A population boom that's feeding our economy -- that's the takeaway by the leaders in the Hispanic community from the latest census numbers.
The Greater Oklahoma City Hispanic Chamber said it has helped countless Latino business owners open their doors.
“People have to understand that the Latino community by the year 2050 will be the majority,” David Castillo, the CEO of the Chamber said.
“Trust me I believe it…and I mean you know we are here to work hard and help everyone out,” said Roberto Zapata, the co-owner of the Mexican restaurant El Potosino.
New numbers from the U.S Census show tremendous growth in the past ten years.
“We estimate over 500,000 Hispanics in Oklahoma. Nineteen percent almost 20% of people in Oklahoma County are Hispanic so that is 1 in 5 people,” Castillo said.
The Hispanic Chamber CEO attributes the growth to the low cost of living and opportunities for economic development.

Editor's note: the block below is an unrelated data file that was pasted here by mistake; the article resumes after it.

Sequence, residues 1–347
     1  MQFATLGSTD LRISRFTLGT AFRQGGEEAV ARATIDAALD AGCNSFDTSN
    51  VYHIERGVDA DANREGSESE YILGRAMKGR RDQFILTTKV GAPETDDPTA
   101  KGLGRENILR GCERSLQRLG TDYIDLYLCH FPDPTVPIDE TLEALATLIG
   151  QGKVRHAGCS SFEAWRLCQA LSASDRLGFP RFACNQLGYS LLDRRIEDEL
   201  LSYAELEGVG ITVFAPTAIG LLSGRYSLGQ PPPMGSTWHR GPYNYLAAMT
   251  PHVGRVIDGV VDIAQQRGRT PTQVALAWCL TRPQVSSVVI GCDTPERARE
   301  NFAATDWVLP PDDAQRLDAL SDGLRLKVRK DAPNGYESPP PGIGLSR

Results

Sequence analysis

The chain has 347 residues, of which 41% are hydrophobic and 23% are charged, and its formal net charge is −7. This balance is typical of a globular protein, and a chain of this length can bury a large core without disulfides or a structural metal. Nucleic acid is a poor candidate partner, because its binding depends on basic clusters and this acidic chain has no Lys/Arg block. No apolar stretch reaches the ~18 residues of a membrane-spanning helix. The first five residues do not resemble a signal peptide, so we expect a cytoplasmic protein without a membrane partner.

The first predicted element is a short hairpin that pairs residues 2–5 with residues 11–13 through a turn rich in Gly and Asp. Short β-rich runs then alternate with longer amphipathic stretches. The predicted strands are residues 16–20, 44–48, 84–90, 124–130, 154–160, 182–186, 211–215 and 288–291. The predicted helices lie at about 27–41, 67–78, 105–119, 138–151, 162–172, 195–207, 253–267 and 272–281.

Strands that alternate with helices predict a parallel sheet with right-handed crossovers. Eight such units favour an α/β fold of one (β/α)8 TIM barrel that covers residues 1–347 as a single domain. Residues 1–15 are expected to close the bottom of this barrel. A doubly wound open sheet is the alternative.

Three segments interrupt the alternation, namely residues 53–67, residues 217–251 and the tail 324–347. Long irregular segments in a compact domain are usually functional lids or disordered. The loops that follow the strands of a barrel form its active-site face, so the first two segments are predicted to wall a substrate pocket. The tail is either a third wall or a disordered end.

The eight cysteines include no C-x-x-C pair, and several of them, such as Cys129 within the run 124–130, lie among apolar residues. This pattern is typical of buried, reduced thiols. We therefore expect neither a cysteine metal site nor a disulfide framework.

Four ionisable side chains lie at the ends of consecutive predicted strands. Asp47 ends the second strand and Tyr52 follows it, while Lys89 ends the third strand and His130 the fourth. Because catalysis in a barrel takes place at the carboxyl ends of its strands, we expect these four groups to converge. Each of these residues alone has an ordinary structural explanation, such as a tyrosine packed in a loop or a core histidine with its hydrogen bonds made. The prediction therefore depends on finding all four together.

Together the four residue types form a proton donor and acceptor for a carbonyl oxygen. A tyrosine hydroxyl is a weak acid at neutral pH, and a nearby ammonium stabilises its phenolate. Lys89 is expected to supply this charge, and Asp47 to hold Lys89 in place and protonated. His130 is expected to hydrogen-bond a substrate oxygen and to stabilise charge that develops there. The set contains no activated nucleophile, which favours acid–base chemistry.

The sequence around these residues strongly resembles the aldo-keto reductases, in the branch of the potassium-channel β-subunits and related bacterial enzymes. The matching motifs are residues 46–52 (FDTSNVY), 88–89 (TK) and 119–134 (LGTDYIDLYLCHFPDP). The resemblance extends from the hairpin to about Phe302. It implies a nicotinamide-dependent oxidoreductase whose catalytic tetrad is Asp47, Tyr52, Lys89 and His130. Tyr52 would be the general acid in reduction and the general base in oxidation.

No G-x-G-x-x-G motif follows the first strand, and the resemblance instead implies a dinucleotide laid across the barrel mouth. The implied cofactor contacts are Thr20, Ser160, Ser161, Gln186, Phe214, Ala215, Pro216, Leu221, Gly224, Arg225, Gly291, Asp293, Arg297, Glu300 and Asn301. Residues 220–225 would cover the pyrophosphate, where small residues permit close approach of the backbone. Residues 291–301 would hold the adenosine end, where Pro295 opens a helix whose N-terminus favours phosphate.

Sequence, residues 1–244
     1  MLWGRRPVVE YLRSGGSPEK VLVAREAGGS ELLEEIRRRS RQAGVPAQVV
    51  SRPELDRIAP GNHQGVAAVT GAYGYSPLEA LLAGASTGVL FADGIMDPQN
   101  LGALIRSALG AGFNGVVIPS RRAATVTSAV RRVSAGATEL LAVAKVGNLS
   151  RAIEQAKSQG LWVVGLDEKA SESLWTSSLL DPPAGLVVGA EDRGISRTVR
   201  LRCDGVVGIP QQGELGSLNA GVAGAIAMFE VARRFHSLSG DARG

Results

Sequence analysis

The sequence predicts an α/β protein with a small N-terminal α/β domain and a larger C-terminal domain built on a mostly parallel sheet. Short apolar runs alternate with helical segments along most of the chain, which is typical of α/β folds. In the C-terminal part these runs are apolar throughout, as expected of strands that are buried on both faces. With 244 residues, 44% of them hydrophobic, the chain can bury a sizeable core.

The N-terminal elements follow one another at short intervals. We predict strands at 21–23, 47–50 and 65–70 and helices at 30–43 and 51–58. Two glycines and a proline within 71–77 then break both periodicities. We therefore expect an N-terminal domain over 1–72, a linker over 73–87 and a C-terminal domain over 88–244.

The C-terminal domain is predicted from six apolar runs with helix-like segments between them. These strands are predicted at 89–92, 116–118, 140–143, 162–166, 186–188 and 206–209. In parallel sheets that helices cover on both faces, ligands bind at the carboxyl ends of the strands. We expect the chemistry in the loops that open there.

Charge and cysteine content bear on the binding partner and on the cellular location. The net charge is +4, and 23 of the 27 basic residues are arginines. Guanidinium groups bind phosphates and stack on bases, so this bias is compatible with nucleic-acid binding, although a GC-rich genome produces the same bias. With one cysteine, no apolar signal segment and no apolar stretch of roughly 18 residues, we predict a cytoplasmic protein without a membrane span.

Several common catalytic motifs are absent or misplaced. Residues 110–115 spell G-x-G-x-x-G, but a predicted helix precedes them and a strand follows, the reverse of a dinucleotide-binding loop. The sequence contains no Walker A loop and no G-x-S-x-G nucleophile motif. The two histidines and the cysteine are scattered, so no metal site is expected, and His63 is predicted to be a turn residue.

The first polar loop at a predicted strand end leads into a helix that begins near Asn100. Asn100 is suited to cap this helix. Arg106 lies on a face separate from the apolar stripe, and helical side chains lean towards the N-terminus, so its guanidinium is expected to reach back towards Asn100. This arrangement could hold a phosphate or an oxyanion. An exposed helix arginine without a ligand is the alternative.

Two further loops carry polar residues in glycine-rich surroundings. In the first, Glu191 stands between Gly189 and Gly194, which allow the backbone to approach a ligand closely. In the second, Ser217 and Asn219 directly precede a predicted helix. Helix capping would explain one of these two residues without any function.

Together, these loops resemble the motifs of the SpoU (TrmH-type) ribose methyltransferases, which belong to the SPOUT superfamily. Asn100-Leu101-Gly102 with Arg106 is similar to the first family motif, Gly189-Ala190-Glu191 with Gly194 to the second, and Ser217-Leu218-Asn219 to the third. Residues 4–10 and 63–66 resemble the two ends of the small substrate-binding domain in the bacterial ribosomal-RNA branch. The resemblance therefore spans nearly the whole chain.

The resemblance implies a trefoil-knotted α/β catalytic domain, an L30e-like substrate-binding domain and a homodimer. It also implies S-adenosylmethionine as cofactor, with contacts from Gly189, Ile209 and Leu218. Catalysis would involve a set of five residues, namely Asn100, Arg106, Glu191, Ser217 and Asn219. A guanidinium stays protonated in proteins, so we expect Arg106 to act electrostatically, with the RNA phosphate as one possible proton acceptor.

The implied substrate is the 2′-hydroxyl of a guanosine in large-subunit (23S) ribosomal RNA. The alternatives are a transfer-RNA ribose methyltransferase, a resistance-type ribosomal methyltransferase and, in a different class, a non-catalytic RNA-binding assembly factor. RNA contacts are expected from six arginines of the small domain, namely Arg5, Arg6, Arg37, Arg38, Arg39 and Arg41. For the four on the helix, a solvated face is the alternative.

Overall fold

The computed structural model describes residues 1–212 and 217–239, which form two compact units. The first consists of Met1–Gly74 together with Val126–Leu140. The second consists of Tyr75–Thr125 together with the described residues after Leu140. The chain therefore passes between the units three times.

“There were 10,000 Hispanic businesses in the last census we have almost 20,000 now,” he said.
“When we first moved to this location, 80-90% told us not to come here. It was really lonely like really empty,” Zapata said.
Ten years ago, he and his family went out on a limb and opened El Potosino in the Historic Capitol Hill district.
He said the business development has not only helped the community but his business stay open.
“My dad was like, ‘You know what, we know what we have and we know it’s going to work’ and then we see the process over the year and we just love it,” Zapata said.
This Hispanic Chamber has several classes and resources for Latino business owners. They encourage anyone who is interested to take advantage.